Hach-Otis Sanctuary is an 130-acre forested tract overlooking the beautiful Chagrin State Scenic River valley. Located in Willoughby Hills and within 20 miles of downtown Cleveland, the preserve has been protected as a bird sanctuary since 1944. The generosity of two local families preserved this beautiful bluff-top forest of native hardwoods and hemlocks. The woods was originally donated to the Cleveland Bird Club (a forerunner to the Audubon Society of Greater Cleveland) by Mr. and Mrs. Edward A. Hach and by Harold T. Clark, a philanthropist who bought 56 acres of choice forest from Harrison G. Otis. The sanctuary was dedicated as an interpretive nature preserve in 1977 and an additional 46 acres was dedicated in 2020.
Primarily a beech-maple-oak mixed mesophytic forest with deep ravines of eastern hemlock, Hach-Otis is home to some unusual plants including trailing arbutus, pink moccasin flower and red trillium. There are a few young American chestnut trees along the bluffs. Many of the ancient beech trees have completely hollow trunks and provide "apartments" for a number of different species of animals. Squirrels can be heard barking among the treetops, and pileated woodpeckers, great horned and barred owls, white-tailed deer, foxes and raccoons are some of the other animals found within the preserve. The steep eroding clay banks high above the Chagrin State Scenic River are ideal nesting spots for bank swallows and noisy kingfishers.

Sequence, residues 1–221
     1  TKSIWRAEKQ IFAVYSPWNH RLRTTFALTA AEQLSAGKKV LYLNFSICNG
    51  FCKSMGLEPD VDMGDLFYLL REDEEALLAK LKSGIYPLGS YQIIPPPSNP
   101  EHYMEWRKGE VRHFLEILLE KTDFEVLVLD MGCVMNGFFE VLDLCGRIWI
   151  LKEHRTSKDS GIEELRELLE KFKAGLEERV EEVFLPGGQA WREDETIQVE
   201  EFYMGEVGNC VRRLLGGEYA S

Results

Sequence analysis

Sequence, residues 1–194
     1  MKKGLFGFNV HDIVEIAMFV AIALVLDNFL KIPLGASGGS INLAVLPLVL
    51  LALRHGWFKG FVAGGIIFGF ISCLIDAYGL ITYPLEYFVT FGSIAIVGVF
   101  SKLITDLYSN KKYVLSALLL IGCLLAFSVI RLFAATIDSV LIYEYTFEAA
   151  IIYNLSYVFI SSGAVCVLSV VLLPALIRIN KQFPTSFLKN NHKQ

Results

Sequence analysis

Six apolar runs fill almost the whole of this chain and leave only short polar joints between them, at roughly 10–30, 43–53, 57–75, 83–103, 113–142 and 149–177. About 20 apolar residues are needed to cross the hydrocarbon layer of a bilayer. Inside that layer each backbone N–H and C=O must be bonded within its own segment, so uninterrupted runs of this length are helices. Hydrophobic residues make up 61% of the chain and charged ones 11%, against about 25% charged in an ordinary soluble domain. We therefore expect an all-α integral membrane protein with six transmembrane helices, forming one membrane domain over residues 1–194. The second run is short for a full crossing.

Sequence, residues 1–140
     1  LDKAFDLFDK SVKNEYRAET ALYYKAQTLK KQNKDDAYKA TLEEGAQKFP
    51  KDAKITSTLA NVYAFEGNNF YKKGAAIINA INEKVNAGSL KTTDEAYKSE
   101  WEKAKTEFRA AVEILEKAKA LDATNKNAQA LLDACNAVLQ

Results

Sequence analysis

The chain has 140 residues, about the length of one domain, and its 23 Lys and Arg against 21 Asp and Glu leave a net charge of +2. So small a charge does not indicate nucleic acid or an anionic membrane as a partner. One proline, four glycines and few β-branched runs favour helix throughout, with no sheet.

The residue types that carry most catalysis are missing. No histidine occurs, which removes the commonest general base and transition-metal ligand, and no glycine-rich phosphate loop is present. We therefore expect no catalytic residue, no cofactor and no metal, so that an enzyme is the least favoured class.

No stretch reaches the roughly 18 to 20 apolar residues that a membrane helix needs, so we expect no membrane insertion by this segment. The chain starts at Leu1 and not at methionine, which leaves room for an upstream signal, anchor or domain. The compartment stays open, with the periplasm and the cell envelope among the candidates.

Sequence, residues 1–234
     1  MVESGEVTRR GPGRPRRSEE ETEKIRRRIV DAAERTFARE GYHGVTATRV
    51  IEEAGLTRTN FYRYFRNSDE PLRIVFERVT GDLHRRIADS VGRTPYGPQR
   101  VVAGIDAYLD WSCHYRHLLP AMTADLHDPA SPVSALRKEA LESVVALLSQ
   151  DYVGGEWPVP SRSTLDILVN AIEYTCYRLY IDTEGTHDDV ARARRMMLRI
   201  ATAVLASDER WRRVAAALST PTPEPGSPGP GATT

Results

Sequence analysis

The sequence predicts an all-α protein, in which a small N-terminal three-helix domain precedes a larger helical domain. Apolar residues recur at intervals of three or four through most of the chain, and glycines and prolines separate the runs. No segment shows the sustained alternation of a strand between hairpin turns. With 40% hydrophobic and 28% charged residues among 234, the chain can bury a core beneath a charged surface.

Bluffs overlook the Chagrin State Scenic River re-cutting an old valley that was completely filled with glacial drift during the last ice age. The ridges stand more that 150 feet above the streambed of the ever-changing river. The unstable hillsides of glacial clays and sands perched above shale are constantly being eroded by the meandering arm of the river.
1.5 miles of hiking trails